Please provide instructions to apply patch.

Asked by Allan W. Macdonald

Hello community.

I want to build the source files for zoneminder on my (sort of headless) Lucid system (which is a desktop sitting in my garage and I am working from a laptop in my living room). I need instructions as to how to apply the patch that appears alongside the source tarball in this package. I presume the "diff" file is the "patch" which I apply with the "patch" program.

Before you all echo previous posts and recommend I install the precompiled binaries, I have already tried installing the binary package on my "headless" box using apt-get via an ssh terminal session and it fails for some reason (I will ask for help from that only if I can't get the source build to work - and it should, right?). Therefore I want to try to build from source to see if this will be more successful. Besides, I would like to learn a bit about this stuff.

The question I have is this: I can extract the tarball but I am a stupid dummy about how to apply the patch. Diff files are pretty impossible to read and understand (at least to me, anyway) so I am having a bit of trouble understanding what it does.

I tried to compile the "orig" build directory and it fails so maybe the diff file has a fix in it. If, after the patch is applied and I still can't get the build to compile, I'll ask more questions then.

So, in summary, what I need, for now, anyway, is instructions how to apply the patch: i.e. what is the command line I should use, where should the diff file be located and what should be my working directory (relative to the build directory)?

Any help would be greatly appreciated. Thanks in advance.


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Ubuntu zoneminder Edit question
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mycae (mycae) said :

patches can be applied with the "patch" program

for example, you can use it like so:

imagine you have afile called "my-patch.patch"

you can cd to the top level of the folder (this must be the same as when the patch was created) then issue the command

patch < my-patch.patch

assuming my-patch.patch was in the same folder.

This is equivalent to:

cat my-patch.patch | patch

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Allan W. Macdonald (allan-w-macdonald) said :

Thanks, mycae.

Unfortunately, I don't quite understand yet. I have a couple of more questions:

Question 1: You mentioned a file named "my-patch.patch". I know that this is just an example and my questions sound stupid, but I am wondering why you picked "patch" for the file extension. The file I have is a "diff" file. Is this the same as a "patch"? Are we talking about the same thing?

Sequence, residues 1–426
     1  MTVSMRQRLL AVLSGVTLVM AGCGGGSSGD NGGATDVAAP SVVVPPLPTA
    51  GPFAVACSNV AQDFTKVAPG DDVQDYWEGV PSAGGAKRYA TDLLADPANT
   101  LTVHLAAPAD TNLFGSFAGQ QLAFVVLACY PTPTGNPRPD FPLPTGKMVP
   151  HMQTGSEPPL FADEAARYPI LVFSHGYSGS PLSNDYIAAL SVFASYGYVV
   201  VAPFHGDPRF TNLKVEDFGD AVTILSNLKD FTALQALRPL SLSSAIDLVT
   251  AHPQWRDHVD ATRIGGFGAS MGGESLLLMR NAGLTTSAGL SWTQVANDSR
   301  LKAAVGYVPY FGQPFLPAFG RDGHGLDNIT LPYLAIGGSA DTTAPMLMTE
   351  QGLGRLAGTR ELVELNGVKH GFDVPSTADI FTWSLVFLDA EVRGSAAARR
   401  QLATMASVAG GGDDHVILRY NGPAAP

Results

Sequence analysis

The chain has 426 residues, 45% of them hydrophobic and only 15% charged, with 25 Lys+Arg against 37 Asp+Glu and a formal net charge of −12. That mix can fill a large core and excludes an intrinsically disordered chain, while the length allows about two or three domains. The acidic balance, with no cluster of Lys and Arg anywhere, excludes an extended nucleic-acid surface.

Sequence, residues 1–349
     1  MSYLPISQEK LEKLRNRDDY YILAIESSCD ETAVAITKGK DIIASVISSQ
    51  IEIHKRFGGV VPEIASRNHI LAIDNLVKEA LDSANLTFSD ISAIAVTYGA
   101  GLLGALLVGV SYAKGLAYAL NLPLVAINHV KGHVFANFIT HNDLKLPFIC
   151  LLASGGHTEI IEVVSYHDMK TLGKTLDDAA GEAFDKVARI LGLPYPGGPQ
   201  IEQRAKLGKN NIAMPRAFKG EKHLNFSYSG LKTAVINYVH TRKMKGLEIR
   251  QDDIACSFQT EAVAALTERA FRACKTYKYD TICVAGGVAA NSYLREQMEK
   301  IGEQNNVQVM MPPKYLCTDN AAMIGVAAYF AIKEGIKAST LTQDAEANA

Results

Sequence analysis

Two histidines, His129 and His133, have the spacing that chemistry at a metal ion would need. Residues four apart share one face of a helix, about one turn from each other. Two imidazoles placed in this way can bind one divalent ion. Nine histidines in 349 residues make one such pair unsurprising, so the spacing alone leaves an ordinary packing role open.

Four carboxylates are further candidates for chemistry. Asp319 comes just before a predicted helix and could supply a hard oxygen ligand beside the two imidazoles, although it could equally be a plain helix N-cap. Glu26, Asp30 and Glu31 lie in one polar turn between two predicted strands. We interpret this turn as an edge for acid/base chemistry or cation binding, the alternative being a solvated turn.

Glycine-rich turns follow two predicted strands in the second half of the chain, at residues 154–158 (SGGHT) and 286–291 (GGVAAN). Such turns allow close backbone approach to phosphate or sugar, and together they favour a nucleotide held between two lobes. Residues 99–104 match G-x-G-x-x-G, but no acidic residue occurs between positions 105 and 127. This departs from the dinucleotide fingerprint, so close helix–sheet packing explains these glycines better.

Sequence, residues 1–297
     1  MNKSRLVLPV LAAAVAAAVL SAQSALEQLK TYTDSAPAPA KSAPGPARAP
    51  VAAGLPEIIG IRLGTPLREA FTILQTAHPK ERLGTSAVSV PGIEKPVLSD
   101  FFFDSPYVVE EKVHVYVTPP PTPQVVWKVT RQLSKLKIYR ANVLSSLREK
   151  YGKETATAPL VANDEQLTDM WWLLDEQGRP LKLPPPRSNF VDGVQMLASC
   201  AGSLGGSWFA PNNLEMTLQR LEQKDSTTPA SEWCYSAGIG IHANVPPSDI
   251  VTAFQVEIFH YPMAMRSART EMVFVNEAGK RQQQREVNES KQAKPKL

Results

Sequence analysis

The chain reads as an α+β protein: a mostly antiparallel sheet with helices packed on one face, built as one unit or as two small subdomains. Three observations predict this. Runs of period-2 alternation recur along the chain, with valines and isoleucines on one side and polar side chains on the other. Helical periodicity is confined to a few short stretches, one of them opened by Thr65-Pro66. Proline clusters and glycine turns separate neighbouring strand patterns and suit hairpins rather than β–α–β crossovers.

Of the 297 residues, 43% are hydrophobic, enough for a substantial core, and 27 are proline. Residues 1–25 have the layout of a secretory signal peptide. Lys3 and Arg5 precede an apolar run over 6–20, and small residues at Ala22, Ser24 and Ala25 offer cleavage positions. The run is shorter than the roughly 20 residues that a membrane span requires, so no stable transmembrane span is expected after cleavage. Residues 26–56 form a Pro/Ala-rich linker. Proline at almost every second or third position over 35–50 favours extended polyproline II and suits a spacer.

Question 2:

The "patch" file I want to apply is available here:

The build tarball is here:

However, I am confused as to what to do - the build tarball extracts to a directory named "ZoneMinder-1.24.2". However, the "diff" file references two other directories:




Neither one of these names appear exactly in the tarball (close but Linux is case sensitive and the capitalized directory names don't match any of the directories in the diff file).

When I extract the tarball, should I rename the directory to one referenced in the diff file? If so, which one?

Should I also extract the source tarball again to another directo and rename the directory as well so that I have both named directories?

And then I run the patch command?

Question 3:
Also, some of the files mentioned in the diff file don't actually appear in the source tarball:

For example:

--- zoneminder-1.24.2.orig/config.sub
+++ zoneminder-1.24.2/config.sub

Am I missing something?

In closing:

I tried extracting the source tarball, renaming the directory to one of the directories in the patch, then I extracted the tarball again, renamed that directory too and ran patch from just above the two differently named source directories. The patch did not modify the directories at all - it just dumped some files into the directory from which the patch program was invoked.

I am at a bit of a loss. Please bear with me.



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Best mycae (mycae) said :

>but I am wondering why you picked "patch" for the file extension.
Force of habit. I could call it anything; the extention is irrelevant, the patch program wont see it, and wouldn't care about it if it could.

The missing directory is probably due to the way the person generated the patch; they probably unzipped the tarball and renamed the directory according to the debian guidelines, which disallow uppercase letters.

You can "strip" these path components off using the -p option of patch, as in

patch -p2 < mypatch.diff

config.sub is an intermediate file generated by ./configure (autoconf); you can ignore this, but patch will probably spit out a few warnings.

You can play around with diff and patch to better understand their operation yourself, as instructed here:

Note that the patches you have will be in the so-called "unified" format.

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Allan W. Macdonald (allan-w-macdonald) said :

Thanks mycae, that solved my question.